Stars and Stripes reported that Lt. Col. Joseph Morse, Chief Trial Counsel Assistance Program at Fort Belvoir, Va., who supervised 23 of the Army’s special victim prosecutors, has been suspended from his position. The special victim prosecutors are in charge of prosecuting assault, domestic abuse and crimes against children. He was also responsible for Army prosecutorial training and assistance around the world. He was the lead prosecutor in the case involving the mass murder of 16 Afghan civilians in 2012. The suspension is the result of a recent allegation made against him by a female Army lawyer. She alleged that Morse attempted to kiss and grope her, against her will, in a hotel room during a sexual assault legal conference in 2011. The Army is currently investigating the allegations, and he has been suspended from duty pending the outcome of the investigation. The Army is still reeling from a late February announcement that 588 troops and employees in “positions of trust”, including sexual assault response personnel, were suspended for alleged misconduct including sexual crimes and alcohol abuse.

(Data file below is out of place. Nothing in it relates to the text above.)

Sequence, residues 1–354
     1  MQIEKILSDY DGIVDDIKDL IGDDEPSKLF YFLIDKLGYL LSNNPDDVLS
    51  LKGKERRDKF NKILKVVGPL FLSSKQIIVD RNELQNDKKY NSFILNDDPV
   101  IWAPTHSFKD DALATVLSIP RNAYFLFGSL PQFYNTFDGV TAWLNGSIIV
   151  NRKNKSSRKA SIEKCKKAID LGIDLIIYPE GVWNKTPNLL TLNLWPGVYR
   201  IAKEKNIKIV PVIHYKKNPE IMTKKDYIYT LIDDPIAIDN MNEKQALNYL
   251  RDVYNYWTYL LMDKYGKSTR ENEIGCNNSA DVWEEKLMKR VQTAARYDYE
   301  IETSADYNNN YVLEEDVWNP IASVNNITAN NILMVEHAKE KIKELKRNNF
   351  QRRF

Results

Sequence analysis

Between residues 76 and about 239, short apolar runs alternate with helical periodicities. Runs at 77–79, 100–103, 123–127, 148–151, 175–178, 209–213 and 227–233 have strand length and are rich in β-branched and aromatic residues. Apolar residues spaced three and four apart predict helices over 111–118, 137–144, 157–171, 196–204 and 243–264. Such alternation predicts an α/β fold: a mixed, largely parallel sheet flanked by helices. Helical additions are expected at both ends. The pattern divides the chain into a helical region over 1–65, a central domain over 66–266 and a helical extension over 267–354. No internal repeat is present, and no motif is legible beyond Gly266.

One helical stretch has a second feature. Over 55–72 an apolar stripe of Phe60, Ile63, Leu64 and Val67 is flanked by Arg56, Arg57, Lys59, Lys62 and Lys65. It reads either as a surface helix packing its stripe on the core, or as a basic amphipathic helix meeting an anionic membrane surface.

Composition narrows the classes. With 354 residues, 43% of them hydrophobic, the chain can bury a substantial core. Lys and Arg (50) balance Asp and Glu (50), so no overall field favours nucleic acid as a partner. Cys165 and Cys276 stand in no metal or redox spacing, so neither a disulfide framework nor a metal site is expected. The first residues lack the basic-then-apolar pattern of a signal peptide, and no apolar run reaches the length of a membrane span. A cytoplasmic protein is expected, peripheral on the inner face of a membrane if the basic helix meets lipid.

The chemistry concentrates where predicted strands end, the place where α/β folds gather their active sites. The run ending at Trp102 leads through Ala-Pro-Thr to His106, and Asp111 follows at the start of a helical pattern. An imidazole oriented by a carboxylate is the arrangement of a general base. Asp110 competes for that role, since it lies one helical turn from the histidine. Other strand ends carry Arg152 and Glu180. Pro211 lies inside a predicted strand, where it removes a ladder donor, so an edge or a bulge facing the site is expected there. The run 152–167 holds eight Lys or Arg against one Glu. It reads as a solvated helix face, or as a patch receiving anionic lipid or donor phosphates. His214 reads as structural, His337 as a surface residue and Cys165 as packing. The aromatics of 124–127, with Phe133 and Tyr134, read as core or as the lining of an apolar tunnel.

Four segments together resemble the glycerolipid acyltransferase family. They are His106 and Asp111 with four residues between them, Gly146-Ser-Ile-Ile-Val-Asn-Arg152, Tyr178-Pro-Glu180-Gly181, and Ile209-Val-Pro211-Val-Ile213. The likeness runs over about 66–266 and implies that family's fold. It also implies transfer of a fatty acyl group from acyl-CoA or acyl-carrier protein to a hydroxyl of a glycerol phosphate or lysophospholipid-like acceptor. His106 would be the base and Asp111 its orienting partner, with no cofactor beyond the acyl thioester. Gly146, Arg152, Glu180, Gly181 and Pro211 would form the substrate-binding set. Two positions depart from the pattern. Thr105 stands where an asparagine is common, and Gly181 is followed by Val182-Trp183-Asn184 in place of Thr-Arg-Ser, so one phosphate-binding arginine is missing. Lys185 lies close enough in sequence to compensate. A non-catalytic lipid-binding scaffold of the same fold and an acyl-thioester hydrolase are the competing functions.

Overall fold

Practice pointer. This is just another example of how no one is immune from alleged misconduct: from the very top of any organization to the very bottom. Although this is not a situation where there was a lack of training, oftentimes employers do not properly train their entire staff, including the officers, managers and supervisors. Proper polices and training of the entire workforce are essential in any place of employment. If the allegations are true, the fact that the top Army prosecutor for sexual assault cases committed sexual assault is, in fact, stranger than fiction.